Daisy’s interest pays off in a few years, however, as the backwards-aging Benjamin transforms from a hunched-over Senior Citizen into a leather-jacket wearing, motorcycle-riding Adonis.
The two have a child in their respective primes only to come to the realization that the older woman / younger man dynamic won’t work as time goes by. Although Demi Moore and Susan Sarandon might argue otherwise, we must concede the point as Benjamin’s laugh lines turn to pimples – and then baby fuzz.
6. Kristen Stewart and Robert Pattinson – and Taylor Lautner – (Bella, Edward, and Jacob) in New Moon (2009)
Kristen Stewart and Robert Pattinson both have a disaffected punk look that just screams “undead.” Playing the roles of Bella Swan, a lovestruck mortal, and Edward Cullen, a do-gooder vampire, the two enter a relationship that challenges their ideas about love, life, death, and the implications of food cravings.
Enter Taylor Lautner as Jacob Black, a handsome young Native American who is riddled with muscles and also happens to be a werewolf.
After Jacob falls hard for Bella, she is forced to choose between the rivals – which is difficult, since both are chivalrous gentlemen with great abs who talk about their feelings and prefer commitment to animalistic urges.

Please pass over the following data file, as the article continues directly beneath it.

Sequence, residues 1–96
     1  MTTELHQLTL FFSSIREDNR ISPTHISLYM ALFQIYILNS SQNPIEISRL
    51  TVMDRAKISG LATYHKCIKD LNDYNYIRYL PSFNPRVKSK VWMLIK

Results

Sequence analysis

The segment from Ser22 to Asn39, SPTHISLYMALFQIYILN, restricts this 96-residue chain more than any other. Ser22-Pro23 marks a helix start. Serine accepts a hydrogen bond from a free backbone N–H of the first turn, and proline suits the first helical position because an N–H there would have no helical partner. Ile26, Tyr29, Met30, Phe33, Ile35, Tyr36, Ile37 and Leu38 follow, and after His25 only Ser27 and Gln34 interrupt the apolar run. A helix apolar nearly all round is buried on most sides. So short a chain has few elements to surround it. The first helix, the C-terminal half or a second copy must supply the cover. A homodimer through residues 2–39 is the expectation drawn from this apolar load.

Incidentally, the whole vampire/werewolf thing suddenly sounds a lot more believable.
7. Robert Downey, Jr. and Jude Law (Sherlock and Dr. Watson) in Sherlock Holmes (2009)
Alongside him was Jude Law playing a noticeably un-bumbling Dr. Watson. Though this Watson is considerably different from earlier onscreen versions, it’s actually closer to Arthur Conan Doyle’s original characterization of the doctor in his series of Sherlock Holmes novels. (Honestly, would Sherlock ever seek out the friendship of an idiot?)
But, wait, how did these two end up in a list of hot couples? Was there anything more than a platonic “bromance” brewing between these two characters?
The crime-solving duo enjoyed incredibly good chemistry during the filming of the movie, prompting Downey to call the film “a love affair of sorts.” Although Downey’s gay-baiting insinuations in the media ticked the studio off royally, it would be pointless to deny that there is a deep love between Sherlock and Watson, who, after all, do move in together. As bachelors. In the late eighteen-hundreds.